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(L-R)Gerda Dickfos, Heather Dellar and Rosie Dickens Brian and Merilyn Lloyd oy Fernie and Rachel Wight dragline fifo (L-R)Joyce and Doug Olive and Shane Ryan Selma Draper and Darcy Sheather Gloria Brown and Darcy Sheather Jo-Anne Burke, DB Scaffolding; Susan McGuire, Mayogroup Aboutusgenericimage_3 csg Steve Beale and Chris Dunphy, MIPEC Greg Byrne, Downing; Ian Reed, QNP Aboutusgeneric_2 (L-R)Leola Barclay, Ann Wright and Barbara Jones
(L-R)Gerda Dickfos, Heather Dellar and Rosie Dickens Brian and Merilyn Lloyd oy Fernie and Rachel Wight dragline fifo (L-R)Joyce and Doug Olive and Shane Ryan Selma Draper and Darcy Sheather Gloria Brown and Darcy Sheather Jo-Anne Burke, DB Scaffolding; Susan McGuire, Mayogroup Aboutusgenericimage_3 csg Steve Beale and Chris Dunphy, MIPEC Greg Byrne, Downing; Ian Reed, QNP

Money too tight to mention
THANKS for investing Nathan ….by the way, can you pay for the EGM?
Tuesday 15 September 2015  

YOU know cash flows are tight when you have to ask for an advance from your angel investors to hold a meeting to officially confirm their investment.

This week, Australian Pacific Coal (APC) had to go to the unusual length of seeking an early release of funds held in escrow so that they could pay the daily bills and organise an Extraordinary General Meeting in October to acknowledge the company-saving-investment of Nathan Tinkler, the Paspaley family and Bourke-to-Darwin-made-good developers - the Robinson family.

In a statement released this week, APC said AU$200,000 of the investor’ $13.2 million investment was being released.

“Each deed instructs the company’s solicitors, HopgoodGanim, to release $100,000 from escrow and to pay the amount as a loan to the company,” the statement said.

“The $200,000 provided will be used for working capital and the payment of costs associated with the preparation for the Extraordinary General Meeting (EGM) that is to be convened for the approval of the proposed placements to Bentley and Trepang.”

If shareholders do not approve the new partners, APC will be required to repay the $200,000; although, since they do not have the money in the first place, it begs the question.

Back in September, shares in Australian Pacific Coal took off after the high profile investments in the company sent shares up more than 200 per cent and into a trading halt.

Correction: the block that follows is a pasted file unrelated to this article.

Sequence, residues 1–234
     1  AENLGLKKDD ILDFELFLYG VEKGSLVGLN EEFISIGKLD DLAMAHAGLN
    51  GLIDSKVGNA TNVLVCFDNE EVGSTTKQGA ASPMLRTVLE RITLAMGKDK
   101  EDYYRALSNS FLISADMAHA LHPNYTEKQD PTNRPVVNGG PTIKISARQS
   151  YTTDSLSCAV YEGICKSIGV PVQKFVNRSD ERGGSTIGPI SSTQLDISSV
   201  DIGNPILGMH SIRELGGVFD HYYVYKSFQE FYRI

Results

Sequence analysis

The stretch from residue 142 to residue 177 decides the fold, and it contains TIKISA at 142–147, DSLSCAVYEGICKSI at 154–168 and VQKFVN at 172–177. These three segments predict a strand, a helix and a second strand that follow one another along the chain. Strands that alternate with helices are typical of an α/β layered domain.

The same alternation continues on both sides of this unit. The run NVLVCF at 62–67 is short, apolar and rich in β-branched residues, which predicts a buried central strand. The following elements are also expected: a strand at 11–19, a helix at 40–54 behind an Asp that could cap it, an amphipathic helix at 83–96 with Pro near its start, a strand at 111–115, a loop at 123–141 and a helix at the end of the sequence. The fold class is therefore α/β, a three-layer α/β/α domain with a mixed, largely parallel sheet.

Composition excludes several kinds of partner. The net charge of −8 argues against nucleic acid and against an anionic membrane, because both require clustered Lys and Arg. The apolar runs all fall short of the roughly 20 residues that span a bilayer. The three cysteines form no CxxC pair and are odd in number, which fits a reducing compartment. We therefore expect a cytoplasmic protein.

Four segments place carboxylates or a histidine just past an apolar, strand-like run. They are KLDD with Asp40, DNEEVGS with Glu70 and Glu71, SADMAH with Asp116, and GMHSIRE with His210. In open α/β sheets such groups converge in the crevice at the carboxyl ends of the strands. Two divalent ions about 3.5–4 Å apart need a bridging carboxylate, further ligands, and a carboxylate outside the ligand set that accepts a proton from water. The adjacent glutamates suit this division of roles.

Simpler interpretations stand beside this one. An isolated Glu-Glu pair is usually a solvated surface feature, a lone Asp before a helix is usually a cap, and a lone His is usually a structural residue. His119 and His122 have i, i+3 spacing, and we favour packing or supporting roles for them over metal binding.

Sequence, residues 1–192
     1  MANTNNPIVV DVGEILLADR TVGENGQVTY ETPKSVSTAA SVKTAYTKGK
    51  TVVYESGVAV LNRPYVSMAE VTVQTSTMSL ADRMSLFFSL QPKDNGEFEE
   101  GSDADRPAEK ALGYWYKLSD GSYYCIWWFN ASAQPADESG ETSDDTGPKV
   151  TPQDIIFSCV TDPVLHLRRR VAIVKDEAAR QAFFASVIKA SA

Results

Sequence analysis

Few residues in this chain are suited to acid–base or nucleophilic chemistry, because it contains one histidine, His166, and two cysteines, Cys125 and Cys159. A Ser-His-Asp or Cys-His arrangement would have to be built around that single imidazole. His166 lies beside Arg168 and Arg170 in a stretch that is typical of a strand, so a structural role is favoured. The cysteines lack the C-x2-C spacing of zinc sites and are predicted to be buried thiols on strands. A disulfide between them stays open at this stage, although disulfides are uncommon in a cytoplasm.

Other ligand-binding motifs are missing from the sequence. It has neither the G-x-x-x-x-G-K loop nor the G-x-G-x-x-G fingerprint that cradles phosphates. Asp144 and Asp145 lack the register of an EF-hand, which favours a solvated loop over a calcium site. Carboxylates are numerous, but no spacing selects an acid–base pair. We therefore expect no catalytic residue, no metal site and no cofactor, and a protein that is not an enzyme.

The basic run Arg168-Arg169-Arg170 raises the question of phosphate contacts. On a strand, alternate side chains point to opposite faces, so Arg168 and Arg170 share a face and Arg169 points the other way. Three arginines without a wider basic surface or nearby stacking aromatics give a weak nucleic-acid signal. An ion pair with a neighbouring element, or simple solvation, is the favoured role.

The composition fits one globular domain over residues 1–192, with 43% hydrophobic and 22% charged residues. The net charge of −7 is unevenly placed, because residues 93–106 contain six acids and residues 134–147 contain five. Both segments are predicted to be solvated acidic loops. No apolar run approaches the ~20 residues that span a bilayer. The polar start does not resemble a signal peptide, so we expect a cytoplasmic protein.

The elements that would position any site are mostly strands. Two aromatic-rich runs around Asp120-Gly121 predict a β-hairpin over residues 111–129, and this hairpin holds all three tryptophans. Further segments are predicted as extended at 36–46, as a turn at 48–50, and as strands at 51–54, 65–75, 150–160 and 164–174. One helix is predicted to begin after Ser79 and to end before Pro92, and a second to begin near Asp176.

High profile resources investor, Nathan Tinkler, and Trepang services - a company owned by the wealthy Northern Territory-based Paspaley and Robinson families - bought between them 54 million shares for just under $210,000.

The purchase represents around 15 per cent of the business, whose value collapsed from a high of nearly $0.75 in 2005 to a low of just $0.002 in June.  

Earlier in April, APC announced it had just $300,000 of working capital to proceed with, and in June, its future looked even more bleak following a decision by Rio Tinto not to continue with its JV on the Hillalong tenement adjacent to Hail Creek mine west of Mackay.

It is unclear which of the company's assets are the ones considered attractive by its new investors.

Rio Tinto would not have spent 12 months drilling the resource if they did not think it had potential, and a decision not to buy could have been made for all sorts of reasons unrelated to the results of the drilling.

On the other hand, APC says its flagship project is its Cooroorah tenement between Curragh and Jellinbah mines near Blackwater.

That project has advanced to the mineral development licence stage and has a deposit of around 125 million tonnes of metallurgical and thermal coal.
At any rate, APC have welcomed the interest of its newest investors.

“The proceeds from the placement will enable the company to continue the focussed exploration strategy of its tenements, as well as provide additional working capital,” APC Chairman, Peter Zeigler, said last month.

Mr Tinkler shot to fame in 2009 when he topped the Australian BRW Rich List for people under 40. His personal wealth at the time was estimated to be $441 million.The former electrician who worked in Newcastle coal mines made a fortune selling stakes in several mining companies around Middlemount.


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